Lancaster Institute of Contemporary Arts (LICA), 14 July 2016
My research starts with the questions, why do I keep returning to sites of Holocaust memory and how can drawing be used as a tool to excavate a past personally unlived? I have recently been to a conference which chimed with these questions’ intention of probing the unknown and the seemingly immaterial. The Materiality of Nothing symposium at LICA extended conversations initiated at their 2015 Dark Matters conference. How we encounter the immaterial and how this might be negotiated in practice were analysed from an artistic perspective as well as scientific.
Anna Lovatt began the conference with a detailed and insightful analysis of Richard Tuttle and the Void of Lessness. Tuttle, an American post-minimalist artist known for his small, subtle, intimate works has described his work as an attempt to ‘create something that begins at ground zero or is connected with ground zero’. The theme of ‘shimmer’ was introduced and became a leitmotif for the day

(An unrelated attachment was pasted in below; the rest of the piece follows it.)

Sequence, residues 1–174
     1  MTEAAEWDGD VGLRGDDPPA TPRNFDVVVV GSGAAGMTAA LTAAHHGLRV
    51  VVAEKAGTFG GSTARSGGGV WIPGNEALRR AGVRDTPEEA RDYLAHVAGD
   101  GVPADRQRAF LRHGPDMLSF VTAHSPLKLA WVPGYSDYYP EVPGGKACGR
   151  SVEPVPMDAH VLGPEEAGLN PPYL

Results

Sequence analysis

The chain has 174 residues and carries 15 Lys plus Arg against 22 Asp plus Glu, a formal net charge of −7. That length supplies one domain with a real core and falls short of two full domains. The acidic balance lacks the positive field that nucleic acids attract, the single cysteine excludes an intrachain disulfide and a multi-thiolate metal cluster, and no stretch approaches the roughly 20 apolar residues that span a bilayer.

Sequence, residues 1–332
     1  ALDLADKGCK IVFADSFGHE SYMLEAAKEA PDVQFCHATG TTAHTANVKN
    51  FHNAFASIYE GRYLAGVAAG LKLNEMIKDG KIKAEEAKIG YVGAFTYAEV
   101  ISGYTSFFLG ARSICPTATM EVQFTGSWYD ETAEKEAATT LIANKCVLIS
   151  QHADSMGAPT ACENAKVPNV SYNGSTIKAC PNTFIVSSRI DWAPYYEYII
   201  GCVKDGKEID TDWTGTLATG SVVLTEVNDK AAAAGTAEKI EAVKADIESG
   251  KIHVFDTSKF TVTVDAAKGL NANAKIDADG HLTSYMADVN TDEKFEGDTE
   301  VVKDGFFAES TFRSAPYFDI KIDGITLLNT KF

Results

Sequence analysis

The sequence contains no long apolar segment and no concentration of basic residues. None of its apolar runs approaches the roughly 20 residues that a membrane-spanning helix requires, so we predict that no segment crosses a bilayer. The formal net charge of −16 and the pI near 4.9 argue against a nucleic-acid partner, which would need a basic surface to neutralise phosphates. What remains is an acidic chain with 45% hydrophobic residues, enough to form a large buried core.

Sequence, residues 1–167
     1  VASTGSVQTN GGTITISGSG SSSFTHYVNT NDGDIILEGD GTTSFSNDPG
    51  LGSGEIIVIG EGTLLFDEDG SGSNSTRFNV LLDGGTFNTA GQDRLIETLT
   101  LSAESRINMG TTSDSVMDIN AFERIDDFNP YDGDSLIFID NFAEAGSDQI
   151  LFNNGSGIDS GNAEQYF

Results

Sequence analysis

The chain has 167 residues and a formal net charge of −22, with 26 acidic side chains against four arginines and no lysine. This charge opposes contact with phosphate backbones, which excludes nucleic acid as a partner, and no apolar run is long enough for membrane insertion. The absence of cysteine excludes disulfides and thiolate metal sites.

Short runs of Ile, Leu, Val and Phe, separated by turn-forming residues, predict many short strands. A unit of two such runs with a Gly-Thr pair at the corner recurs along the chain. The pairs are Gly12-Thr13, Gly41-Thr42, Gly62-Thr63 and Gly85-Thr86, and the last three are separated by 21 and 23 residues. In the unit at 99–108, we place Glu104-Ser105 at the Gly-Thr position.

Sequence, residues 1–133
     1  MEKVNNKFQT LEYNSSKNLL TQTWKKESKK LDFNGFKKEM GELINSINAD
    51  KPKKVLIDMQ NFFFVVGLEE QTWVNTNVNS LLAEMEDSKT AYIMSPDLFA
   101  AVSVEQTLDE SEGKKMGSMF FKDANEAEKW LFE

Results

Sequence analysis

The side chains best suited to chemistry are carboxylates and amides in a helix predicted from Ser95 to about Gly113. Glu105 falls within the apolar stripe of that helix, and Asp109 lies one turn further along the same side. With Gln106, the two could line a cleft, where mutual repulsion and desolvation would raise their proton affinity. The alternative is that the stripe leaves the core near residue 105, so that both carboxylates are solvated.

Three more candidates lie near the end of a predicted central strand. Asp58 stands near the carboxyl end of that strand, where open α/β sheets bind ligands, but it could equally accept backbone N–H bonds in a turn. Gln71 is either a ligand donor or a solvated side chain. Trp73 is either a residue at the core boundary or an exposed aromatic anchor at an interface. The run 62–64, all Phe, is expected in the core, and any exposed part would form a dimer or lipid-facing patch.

Liz de Freitas’ paper (read in her absence by an adroit Charlie Gere) took us into the realm of ‘speculative mathematics’. She argued that philosophy should have invested more in the speculative materialism of science rather than focusing on the transcendental and the elusive. This was dense and challenging stuff. Further contributions speculated on theory and its role in explaining and predicting, and offered thoughts on the contingency of art and how through physics we can detect the invisible world. A presentation on the geo-philosophical notion of ‘the shape of the air’ by Bronislaw Szerszynski explored the idea of correlationism and how we relate to objects.
Charlie Gere began his paper with a description of a recent visit to a Japanese garden in Eskdale and to Sellafield, the nuclear fuel reprocessing site. Gere traversed art, language and culture to consider how that which is beyond signification, be it beauty or horror, can be effectively defined and articulated. He used the examples of Auschwitz and Hiroshima to suggest that language is doomed to fail in the face of such phenomena.
Rebecca Fortnum’s paper, Apophasis and Art, was an investigation into language, image making, reading and looking and what cannot be said. She related this, via her own practice, to the tradition of painting and to discourses of silence and so returned the discussion to the realm of creative art practice.
The symposium concluded with a discussion sparked by objects and drawings brought by delegates (including myself) that were examples of things used to ‘think with’. They included journals, sketchbooks and three-dimensional pieces that facilitated the investigation of ideas about the unseen or the manifestation of nothing.